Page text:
Street characteristics preferred for transportation walking among older adults: a choice-based conjoint analysis with manipulated photographs

Knowledge about the relationships between micro-scale environmental factors and older adults’ walking for transport is limited and inconsistent. This is probably due to methodological limitations, such as absence of an accurate neighborhood definition, lack of environmental heterogeneity, environmental co-variation, and recall bias. Furthermore, most previous studies are observational in nature. We aimed to address these limitations by investigating the effects of manipulating photographs on micro-scale environmental factors on the appeal of a street for older adults’ transportation walking. Secondly, we used latent class analysis to examine whether subgroups could be identified that have different environmental preferences for transportation walking. Thirdly, we investigated whether these subgroups differed in socio-demographic, functional and psychosocial characteristics, current level of walking and environmental perceptions of their own street.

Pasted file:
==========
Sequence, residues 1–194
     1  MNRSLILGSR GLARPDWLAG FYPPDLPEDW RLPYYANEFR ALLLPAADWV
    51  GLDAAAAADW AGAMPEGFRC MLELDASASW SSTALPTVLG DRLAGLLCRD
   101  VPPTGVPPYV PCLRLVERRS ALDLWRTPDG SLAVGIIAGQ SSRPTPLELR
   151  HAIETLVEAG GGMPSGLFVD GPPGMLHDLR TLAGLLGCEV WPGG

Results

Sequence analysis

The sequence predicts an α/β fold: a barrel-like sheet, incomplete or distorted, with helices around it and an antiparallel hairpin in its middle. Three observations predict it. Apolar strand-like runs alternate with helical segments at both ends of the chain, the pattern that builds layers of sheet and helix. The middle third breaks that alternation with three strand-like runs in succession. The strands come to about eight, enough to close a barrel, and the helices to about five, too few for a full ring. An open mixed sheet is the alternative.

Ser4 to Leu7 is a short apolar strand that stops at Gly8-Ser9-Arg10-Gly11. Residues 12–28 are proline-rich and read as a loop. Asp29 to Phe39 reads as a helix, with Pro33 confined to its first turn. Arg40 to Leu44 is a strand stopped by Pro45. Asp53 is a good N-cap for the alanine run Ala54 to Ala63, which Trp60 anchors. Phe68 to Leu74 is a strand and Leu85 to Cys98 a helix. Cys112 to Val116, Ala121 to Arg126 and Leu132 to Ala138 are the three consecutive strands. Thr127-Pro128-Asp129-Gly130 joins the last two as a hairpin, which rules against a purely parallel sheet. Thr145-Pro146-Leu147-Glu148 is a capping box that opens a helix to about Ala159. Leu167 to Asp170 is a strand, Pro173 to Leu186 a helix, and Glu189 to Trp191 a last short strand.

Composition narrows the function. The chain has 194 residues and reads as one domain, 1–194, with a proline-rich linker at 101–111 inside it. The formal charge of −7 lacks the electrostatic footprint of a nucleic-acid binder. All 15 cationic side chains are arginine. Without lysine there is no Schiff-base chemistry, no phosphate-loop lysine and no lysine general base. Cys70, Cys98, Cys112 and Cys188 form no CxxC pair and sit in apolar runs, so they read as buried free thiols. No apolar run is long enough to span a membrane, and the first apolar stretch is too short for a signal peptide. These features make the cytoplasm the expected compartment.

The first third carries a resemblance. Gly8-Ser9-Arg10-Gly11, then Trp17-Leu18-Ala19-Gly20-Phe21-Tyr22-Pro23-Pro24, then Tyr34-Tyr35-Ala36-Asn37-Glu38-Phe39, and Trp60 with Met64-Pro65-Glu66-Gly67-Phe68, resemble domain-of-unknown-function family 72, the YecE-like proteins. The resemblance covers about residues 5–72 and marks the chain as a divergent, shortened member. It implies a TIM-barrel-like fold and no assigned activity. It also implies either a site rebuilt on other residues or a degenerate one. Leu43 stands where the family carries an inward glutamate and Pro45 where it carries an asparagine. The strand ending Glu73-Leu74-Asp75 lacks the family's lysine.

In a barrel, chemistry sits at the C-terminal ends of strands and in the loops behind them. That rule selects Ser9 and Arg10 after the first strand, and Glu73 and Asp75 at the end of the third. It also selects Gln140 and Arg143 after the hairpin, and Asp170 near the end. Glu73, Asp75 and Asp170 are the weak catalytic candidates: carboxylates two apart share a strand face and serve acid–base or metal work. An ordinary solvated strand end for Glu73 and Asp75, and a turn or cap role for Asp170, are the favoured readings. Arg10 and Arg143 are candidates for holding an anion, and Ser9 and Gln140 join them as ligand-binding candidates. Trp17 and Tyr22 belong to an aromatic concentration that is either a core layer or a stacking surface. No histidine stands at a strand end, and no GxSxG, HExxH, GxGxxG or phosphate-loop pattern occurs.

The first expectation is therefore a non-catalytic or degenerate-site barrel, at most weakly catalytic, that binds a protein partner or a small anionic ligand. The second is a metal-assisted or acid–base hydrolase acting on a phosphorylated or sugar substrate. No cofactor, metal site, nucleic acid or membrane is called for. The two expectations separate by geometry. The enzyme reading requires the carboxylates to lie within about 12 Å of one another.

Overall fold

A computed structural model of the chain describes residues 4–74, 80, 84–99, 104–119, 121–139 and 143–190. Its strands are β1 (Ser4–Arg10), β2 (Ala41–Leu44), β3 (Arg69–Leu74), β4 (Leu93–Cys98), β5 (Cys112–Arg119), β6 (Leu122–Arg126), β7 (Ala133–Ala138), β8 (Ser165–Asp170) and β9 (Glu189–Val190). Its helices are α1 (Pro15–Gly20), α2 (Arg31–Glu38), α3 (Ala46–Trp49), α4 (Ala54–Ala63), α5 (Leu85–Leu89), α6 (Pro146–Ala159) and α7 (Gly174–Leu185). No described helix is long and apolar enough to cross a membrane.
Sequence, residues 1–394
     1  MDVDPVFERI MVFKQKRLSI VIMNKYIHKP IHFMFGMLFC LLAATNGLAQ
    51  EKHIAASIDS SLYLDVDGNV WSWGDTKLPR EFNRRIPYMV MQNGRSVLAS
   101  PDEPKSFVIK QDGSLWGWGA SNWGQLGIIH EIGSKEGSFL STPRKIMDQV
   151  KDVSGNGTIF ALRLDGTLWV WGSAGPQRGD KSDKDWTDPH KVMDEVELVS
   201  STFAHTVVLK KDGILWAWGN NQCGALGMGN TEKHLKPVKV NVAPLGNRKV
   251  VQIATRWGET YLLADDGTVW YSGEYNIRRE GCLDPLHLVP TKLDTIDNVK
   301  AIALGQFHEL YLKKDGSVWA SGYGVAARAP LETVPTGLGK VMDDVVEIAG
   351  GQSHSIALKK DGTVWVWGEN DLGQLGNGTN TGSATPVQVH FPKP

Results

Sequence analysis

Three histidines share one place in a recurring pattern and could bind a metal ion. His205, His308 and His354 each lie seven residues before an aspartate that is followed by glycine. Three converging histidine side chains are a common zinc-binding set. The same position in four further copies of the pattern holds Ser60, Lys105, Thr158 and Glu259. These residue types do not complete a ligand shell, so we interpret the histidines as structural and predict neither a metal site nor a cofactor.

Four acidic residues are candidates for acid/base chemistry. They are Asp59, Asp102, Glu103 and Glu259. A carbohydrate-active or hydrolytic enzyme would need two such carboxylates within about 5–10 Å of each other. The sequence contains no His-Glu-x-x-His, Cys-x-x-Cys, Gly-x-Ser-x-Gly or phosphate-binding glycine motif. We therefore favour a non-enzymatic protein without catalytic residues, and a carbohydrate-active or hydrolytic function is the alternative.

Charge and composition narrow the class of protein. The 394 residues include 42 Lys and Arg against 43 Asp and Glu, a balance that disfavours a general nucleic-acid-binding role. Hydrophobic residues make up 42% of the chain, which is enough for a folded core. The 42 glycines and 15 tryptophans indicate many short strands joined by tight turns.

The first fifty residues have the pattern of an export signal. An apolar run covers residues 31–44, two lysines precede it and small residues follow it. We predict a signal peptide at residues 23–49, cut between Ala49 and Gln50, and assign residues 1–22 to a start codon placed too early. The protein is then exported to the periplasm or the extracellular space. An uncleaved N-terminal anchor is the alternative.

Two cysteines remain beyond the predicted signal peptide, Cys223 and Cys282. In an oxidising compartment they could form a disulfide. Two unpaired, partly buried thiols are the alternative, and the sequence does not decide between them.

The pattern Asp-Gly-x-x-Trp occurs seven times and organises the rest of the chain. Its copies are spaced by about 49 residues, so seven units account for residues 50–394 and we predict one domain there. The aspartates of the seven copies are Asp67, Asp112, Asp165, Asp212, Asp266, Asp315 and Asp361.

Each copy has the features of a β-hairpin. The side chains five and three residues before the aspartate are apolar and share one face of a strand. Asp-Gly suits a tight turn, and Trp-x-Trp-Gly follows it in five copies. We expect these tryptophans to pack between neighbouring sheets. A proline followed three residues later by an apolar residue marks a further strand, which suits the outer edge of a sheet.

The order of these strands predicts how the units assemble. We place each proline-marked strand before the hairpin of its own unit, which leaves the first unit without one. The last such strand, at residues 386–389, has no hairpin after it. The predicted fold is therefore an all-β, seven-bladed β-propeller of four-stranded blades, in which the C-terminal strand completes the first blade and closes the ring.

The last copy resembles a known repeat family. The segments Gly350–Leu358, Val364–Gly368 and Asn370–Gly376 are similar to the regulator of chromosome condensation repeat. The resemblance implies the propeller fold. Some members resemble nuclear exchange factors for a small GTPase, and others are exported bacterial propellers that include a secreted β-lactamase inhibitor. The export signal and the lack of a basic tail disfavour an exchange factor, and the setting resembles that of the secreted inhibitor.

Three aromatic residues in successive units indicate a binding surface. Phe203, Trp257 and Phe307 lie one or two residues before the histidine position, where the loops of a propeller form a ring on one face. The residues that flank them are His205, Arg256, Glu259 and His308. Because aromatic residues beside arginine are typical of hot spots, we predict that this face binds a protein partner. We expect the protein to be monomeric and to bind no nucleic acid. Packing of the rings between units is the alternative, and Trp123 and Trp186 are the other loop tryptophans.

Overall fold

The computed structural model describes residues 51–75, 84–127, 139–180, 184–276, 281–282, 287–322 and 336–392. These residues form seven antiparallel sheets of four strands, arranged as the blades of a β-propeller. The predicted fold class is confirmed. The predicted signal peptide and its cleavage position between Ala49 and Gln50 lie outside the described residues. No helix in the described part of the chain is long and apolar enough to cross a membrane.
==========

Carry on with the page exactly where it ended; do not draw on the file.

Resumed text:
Data were collected among 1131 Flemish older adults through an online (n = 940) or an interview version of the questionnaire (n = 191). This questionnaire included a choice-based conjoint exercise with manipulated photographs of a street. These manipulated photographs originated from one panoramic photograph of an existing street that was manipulated on nine environmental attributes. Participants chose which of two presented streets they would prefer to walk for transport.
In the total sample, sidewalk evenness had by far the greatest appeal for transportation walking. The other environmental attributes were less important. Four subgroups that differed in their environmental preferences for transportation walking were identified. In the two largest subgroups (representing 86 % of the sample) sidewalk evenness was the most important environmental attribute. In the two smaller subgroups (each comprising 7 % of the sample), traffic volume and speed limit were the most important environmental attributes for one, and the presence of vegetation and a bench were the most important environmental attributes for the other. This latter subgroup included a higher percentage of service flat residents than the other subgroups.
Our results suggest that the provision of even sidewalks should be considered a priority when developing environmental interventions aiming to stimulate older adults’ transportation walking. Natural experiments are needed to confirm whether our findings can be translated to real environments and actual transportation walking behavior.